Enjoy access to a free NMLS renewal class when you attend an in-person event.
Question: We are thinking about obtaining leads from an online lead generation service. In the process of reviewing our marketing campaign, it seems pretty clear that there are different types of lead generators. What are the different types of lead generators? What are some pitfalls? Also, what is a lead?
For the most part, the Federal Trade Commission (“FTC”) has broad jurisdiction over lead generators. The FTC has used its authority to bring enforcement actions against unscrupulous actors in the lead generation industry. Examples abound, such as where the FTC successfully sued lead generators that lured consumers with promises of extremely low fixed rate mortgages or free refinancing, but then sold consumers’ information to entities that did not actually offer these deals, or where it sued payday loan lead generators that sold consumers’ sensitive bank account information to non-lenders who simply debited charges directly from consumers’ accounts without authorization.
I have written extensively on lead generation generally and lead generation companies in particular, such as my article titled, “The Lead Generation Company: Managing the Risks,” which can be found in our Articles library. This article is a good place to start your reading on lead generation companies, especially in light of the significant regulatory risks posed by them.
Lead generation is the process of identifying and cultivating individual consumers who are potentially interested in purchasing a product or service. The goal of lead generation services is to connect lead purchasing companies with the profiled consumers so that the lead purchaser can convert “leads” into sales. The FTC has defined a lead broadly as any consumer who has indicated interest – directly or indirectly – in buying a product or service by taking some action.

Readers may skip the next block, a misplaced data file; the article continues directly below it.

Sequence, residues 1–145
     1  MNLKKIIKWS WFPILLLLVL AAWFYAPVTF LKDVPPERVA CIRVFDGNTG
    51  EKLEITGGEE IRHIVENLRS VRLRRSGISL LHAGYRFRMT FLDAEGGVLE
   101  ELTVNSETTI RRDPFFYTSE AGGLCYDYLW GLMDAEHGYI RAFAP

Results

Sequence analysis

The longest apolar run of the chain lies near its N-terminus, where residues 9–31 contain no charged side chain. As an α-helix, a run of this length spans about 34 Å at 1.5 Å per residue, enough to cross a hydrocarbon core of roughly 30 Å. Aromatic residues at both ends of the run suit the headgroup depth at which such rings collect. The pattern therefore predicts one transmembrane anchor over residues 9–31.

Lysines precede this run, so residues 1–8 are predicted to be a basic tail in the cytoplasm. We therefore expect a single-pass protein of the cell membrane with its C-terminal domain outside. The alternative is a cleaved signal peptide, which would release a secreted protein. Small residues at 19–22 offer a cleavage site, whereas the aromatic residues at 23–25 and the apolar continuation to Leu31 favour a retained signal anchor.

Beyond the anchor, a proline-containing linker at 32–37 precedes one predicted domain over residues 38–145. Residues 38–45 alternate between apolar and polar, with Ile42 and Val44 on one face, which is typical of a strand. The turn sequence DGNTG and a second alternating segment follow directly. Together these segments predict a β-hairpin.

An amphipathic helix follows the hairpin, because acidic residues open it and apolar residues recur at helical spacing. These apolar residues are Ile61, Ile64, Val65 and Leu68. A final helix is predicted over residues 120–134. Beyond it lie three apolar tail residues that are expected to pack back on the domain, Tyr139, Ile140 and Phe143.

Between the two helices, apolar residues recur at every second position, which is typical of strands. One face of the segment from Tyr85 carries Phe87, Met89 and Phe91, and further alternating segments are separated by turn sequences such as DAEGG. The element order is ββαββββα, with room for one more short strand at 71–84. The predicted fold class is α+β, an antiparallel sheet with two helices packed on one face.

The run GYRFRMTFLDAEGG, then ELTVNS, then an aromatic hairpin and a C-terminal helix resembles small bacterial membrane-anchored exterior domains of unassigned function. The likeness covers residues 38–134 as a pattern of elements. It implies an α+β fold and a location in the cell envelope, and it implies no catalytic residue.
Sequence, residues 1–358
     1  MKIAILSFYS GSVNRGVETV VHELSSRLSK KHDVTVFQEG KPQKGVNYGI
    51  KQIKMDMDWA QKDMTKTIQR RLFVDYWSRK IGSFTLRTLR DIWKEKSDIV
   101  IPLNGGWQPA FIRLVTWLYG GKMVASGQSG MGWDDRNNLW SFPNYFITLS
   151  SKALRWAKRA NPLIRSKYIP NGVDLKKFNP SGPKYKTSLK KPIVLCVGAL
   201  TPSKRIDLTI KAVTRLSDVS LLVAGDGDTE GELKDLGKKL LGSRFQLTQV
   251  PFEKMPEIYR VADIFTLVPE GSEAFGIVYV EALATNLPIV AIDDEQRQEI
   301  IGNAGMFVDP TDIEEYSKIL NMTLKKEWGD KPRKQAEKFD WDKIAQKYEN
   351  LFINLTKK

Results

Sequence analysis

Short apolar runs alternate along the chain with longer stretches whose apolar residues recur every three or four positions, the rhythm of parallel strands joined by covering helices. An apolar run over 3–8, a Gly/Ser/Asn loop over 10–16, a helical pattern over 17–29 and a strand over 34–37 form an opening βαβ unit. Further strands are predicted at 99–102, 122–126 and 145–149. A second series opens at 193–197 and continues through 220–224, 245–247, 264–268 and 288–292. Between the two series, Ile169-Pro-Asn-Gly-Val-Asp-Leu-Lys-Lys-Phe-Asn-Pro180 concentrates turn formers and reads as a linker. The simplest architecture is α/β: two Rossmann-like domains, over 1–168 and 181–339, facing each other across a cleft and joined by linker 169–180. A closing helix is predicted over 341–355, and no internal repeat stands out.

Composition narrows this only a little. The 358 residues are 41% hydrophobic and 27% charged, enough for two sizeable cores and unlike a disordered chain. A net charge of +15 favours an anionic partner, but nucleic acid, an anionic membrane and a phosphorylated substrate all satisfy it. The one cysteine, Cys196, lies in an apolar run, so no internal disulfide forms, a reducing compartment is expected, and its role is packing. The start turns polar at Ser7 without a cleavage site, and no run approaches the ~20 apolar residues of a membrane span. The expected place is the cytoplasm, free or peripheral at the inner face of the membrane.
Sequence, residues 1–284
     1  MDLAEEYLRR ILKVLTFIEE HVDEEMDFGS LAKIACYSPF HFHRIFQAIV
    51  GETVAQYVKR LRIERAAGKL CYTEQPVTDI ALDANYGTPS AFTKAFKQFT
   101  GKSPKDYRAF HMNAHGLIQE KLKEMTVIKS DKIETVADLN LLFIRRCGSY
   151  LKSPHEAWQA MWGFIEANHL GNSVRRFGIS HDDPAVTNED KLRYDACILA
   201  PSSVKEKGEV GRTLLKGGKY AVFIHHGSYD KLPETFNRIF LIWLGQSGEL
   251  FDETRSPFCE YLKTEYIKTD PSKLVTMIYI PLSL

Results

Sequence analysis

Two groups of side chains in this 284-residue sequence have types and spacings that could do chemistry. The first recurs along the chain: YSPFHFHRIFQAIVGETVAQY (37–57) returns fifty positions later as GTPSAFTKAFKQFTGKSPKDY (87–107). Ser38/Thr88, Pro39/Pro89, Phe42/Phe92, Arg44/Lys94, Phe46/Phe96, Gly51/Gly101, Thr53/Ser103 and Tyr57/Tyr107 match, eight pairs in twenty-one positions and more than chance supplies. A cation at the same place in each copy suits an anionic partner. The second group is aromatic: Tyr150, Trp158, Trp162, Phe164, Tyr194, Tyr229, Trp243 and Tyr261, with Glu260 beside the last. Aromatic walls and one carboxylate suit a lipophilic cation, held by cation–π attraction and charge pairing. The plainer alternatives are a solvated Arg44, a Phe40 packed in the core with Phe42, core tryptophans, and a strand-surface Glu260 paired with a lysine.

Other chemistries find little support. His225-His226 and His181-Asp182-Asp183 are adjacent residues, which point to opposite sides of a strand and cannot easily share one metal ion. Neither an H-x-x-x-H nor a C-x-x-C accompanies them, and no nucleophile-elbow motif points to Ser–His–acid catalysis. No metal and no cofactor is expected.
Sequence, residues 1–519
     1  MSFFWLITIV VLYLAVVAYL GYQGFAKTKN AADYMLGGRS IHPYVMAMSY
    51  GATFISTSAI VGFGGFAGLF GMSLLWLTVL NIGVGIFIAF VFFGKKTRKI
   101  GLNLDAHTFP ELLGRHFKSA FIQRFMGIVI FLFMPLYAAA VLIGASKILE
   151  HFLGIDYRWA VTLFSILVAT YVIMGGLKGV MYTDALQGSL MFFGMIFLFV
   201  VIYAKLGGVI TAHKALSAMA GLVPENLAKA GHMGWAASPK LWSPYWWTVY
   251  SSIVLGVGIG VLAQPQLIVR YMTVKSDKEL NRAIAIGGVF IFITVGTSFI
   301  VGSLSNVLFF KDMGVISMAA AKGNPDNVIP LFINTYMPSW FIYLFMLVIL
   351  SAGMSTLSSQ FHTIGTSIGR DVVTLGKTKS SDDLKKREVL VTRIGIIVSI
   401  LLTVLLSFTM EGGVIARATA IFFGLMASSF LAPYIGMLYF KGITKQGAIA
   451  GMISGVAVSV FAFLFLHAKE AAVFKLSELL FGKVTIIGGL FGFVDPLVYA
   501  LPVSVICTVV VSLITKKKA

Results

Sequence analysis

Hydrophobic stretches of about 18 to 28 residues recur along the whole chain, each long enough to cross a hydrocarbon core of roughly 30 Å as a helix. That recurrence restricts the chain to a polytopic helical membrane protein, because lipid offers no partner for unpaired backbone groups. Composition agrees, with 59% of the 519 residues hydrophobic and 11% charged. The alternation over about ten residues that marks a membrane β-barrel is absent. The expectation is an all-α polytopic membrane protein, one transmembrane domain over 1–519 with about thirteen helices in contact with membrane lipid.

Leads cover the gamut of consumer profile information. For instance, they may consist of little more than a consumer’s name and contact information. But they can contain information that has been derived by soliciting much more detailed and sensitive consumer information, like Social Security Numbers and bank account numbers; in other words, not just information in the public record.
The lead generation world is very state-of-the-art these days. Consider that consumers increasingly research and shop for products and services online, which means that lead generation has become more sophisticated, rapid, and data-intensive.
Leads are collected from many sources. Often, leads are collected by a publisher or affiliate. This entity is encountered by the consumer through the consumer’s use of consumer-facing marketers in the lead generation ecosystem that promote products or services online. These conduits encourage consumers to submit additional information about themselves to learn more and connect with merchants or advertisers that can sell them the products or services being sought by the consumer. Many publisher websites contain marketing claims and a web form requesting consumer information. Some publishers expressly identify the merchant to which they sell consumer leads, but others do not and only make generic marketing claims.
In our reviews of client marketing strategies, we have seen where small publishers simply collect consumer information and pass it on to larger, more sophisticated actors in the lead ecosystem. We have also found that some publishers oversee networks of sub-publishers or sub-affiliates that feed them leads, often contracting with the latter to create marketing websites and web forms.